Canada-EU - international trade in goods statistics
Data extracted in March 2021
Planned article update: March 2022
EU trade in goods with Canada, 2010-2020
This article provides a picture of the international trade in goods between the European Union (EU) and Canada. It analyses the type of goods exchanged between the two economies and the shares of each EU Member State in those exchanges.
This article is part of an online publication providing recent statistics on international trade in goods, covering information on the EU's main partners, main products traded, specific characteristics of trade as well as background information.
Recent developments, impact of COVID-19
The COVID-19 crisis caused both exports and imports between the EU and Canada to fall in 2020. Exports reached a minimum of EUR 2.3 billion in April 2020. By December 2020 they had recovered to EUR 2.7 billion. Imports reached a minimum of EUR 1.2 billion in April 2020. By December 2020 they had recovered to EUR 1.9 billion.
Figure 2 compares trade with Canada to trade with other non EU countries. Between January 2019 and December 2020, exports to Canada decreased by 16.9 % while exports to other non EU countries decreased by 2.2 %. Imports from Canada increased by 13.7 % while imports from other non EU countries decreased by 10.0 %. Both for imports and exports the largest drop in trade compared to the same month of the previous year was seen in April 2020. However, both exports to and imports from Canada dropped more than those of other non EU countries when comparing April 2020 to April 2019. The exports dropped 32 % compared to 29 % for other non EU countries while imports dropped 26 % compared to 21 % for other non EU countries.
EU and Canada in world trade in goods
Figure 3a shows the position of Canada among the largest traders of goods in the world in 2019. The four largest exporters were China (EUR 2 233 billion, 16.1 %), the EU (EUR 2 132 billion, 15.4 %), the United States (EUR 1 468 billion, 10.6 %) and Japan (EUR 630 billion, 4.6 %). The four largest importers were the United States (EUR 2 293 billion, 16.1 %), the EU (EUR 1 940 billion, 13.7%), China (EUR 1 857 billion, 13.1 %) and Japan (EUR 644 billion, 4.5 %). Figure 3b has some more details. It shows that Canada (EUR 399 billion, 2.9 %) was the ninth largest exporter in the world between Mexico (EUR 412 billion, 3.0 %) and Russia (EUR 375 billion, 2.7 %). It was the tenth largest importer in the world (EUR 414 billion, 2.9 %) between Mexico (EUR 417 billion, 2.9 %) and Singapore (EUR 321 billion, 2.3 %).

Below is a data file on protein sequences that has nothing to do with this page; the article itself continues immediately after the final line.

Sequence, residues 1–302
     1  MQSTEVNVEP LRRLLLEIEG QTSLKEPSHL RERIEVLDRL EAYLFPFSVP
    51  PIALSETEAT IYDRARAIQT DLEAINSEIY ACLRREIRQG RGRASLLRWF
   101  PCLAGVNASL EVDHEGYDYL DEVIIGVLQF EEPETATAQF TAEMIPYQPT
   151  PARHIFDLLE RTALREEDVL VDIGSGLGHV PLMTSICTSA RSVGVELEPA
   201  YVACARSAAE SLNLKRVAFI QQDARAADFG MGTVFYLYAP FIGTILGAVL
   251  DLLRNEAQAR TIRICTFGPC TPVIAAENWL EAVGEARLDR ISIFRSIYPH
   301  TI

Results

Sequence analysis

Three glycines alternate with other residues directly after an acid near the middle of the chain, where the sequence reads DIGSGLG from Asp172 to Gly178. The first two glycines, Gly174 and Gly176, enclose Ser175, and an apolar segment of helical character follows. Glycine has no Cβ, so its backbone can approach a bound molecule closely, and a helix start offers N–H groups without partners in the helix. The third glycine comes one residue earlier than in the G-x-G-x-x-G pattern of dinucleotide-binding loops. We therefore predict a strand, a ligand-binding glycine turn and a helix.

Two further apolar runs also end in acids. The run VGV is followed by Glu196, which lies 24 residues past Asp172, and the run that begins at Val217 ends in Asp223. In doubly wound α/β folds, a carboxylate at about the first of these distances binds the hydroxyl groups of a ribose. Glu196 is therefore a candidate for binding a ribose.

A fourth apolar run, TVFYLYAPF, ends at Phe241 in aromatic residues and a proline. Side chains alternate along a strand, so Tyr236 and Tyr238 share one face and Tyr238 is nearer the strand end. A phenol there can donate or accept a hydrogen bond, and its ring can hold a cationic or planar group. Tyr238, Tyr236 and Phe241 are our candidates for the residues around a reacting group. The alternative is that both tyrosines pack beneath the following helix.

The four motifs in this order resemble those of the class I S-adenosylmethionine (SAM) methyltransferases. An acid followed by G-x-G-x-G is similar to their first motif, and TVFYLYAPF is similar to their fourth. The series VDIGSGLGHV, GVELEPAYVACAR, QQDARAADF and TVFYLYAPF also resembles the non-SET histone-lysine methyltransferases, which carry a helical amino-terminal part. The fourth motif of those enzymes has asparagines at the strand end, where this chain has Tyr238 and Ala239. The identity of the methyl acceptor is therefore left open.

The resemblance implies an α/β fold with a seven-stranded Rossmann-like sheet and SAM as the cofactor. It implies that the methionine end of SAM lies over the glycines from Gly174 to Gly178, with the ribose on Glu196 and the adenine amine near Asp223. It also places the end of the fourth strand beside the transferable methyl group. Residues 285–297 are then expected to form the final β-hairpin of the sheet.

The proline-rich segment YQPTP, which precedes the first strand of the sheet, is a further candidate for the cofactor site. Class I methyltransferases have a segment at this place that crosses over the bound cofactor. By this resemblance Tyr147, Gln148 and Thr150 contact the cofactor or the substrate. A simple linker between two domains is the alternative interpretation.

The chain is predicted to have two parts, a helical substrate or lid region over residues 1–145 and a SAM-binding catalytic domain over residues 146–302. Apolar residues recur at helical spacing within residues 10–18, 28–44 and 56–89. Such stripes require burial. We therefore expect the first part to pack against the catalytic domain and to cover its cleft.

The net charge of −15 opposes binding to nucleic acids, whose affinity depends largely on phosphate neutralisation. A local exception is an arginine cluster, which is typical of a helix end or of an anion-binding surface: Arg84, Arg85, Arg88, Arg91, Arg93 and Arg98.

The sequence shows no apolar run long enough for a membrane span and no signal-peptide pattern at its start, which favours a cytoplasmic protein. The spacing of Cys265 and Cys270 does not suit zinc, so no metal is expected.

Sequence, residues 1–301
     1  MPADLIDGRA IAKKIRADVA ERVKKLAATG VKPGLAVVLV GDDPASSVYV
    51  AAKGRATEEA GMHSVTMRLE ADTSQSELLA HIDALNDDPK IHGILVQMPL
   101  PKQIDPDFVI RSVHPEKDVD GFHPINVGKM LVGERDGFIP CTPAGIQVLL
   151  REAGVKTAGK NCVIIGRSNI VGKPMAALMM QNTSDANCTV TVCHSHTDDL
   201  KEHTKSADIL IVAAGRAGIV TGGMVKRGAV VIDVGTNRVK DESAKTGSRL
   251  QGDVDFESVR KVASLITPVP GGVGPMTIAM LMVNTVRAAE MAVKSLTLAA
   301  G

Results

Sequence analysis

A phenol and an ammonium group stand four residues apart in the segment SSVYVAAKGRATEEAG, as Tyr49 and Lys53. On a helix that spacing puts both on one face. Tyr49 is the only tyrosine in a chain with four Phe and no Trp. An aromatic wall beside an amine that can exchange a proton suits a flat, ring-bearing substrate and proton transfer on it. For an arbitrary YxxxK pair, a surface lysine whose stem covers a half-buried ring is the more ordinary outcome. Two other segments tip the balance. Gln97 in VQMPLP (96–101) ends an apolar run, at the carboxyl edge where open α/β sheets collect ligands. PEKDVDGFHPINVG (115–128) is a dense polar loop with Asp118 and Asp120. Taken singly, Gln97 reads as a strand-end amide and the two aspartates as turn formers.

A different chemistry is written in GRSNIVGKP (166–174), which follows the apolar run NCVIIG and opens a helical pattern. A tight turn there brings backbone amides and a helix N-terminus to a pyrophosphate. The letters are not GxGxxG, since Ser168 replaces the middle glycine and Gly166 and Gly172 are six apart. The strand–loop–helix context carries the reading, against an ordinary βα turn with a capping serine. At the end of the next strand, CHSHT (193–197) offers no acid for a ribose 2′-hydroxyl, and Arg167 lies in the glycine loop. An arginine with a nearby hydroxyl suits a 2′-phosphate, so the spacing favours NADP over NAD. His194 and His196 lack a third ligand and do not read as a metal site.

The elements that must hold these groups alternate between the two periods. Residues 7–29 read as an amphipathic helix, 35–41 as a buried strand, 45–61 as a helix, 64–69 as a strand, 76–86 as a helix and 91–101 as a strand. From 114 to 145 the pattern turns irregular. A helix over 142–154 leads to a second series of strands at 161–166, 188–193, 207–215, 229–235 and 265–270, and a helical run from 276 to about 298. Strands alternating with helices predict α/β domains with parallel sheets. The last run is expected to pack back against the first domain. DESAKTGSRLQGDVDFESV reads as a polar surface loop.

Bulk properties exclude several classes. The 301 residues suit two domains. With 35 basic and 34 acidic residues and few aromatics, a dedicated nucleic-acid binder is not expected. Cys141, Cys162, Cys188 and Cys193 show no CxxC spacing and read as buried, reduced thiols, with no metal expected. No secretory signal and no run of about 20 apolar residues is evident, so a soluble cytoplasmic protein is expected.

The imports and exports of goods of the EU and Canada indexed at 100 in 2009 for the period to 2019 are shown in Figure 4. It also shows the cover ratio (exports / imports) for this period. Exports from the EU were lowest in 2009 (100) and highest in 2019 (180). Imports to the EU were lowest in 2009 (100) and highest in 2019 (163). The cover ratio for the EU was lowest in 2011 (97 %) and highest in 2016 (116 %) and was 110 % in 2019. Exports from Canada were lowest in 2009 (100) and highest in 2014 (151) and were 141 in 2019. Imports to Canada were lowest in 2009 (100) and highest in 2012 (144) and were 141 in 2019. The cover ratio for Canada was lowest in 2016 (94 %) and highest in 2014 (100 %) and was 96 % in 2019.
Both exports to and imports from Canada increased between 2010 and 2020.
The position of Canada among the largest trade partners of the EU in 2020 can be seen in Figure 5a. The four largest export partners of the EU were the United States (18.3 %), the United Kingdom (14.4 %), China (10.5 %) and Switzerland (7.4 %). The four largest import partners of the EU were China (22.4 %), the United States (11.8 %), the United Kingdom (9.8 %) and Switzerland (6.3 %). Figure 5b has some more details. It shows that Canada (EUR 33 billion, 1.7 %) was the tenth largest export partner of the EU, between South Korea (EUR 45 billion, 2.3 %) and India (EUR 32 billion, 1.7 %). In imports Canada (EUR 20 billion, 1.2 %) was the 16th largest partner of the EU, between Mexico (EUR 20 billion, 1.2 %) and Thailand (EUR 18 billion, 1.0 %).
Figure 6 shows the exports, imports and trade balance between the EU and Canada from 2010 to 2020. In 2010, the EU had a trade surplus with Canada of EUR 7 billion. The trade surplus remained throughout the whole period, reaching EUR 13 billion in 2020. Both exports to and imports from Canada increased between 2010 and 2020. EU exports to Canada were highest in 2019 (EUR 38 billion) and lowest in 2010 (EUR 22 billion). EU imports from Canada were highest in 2019 (EUR 21 billion) and lowest in 2010 (EUR 15 billion).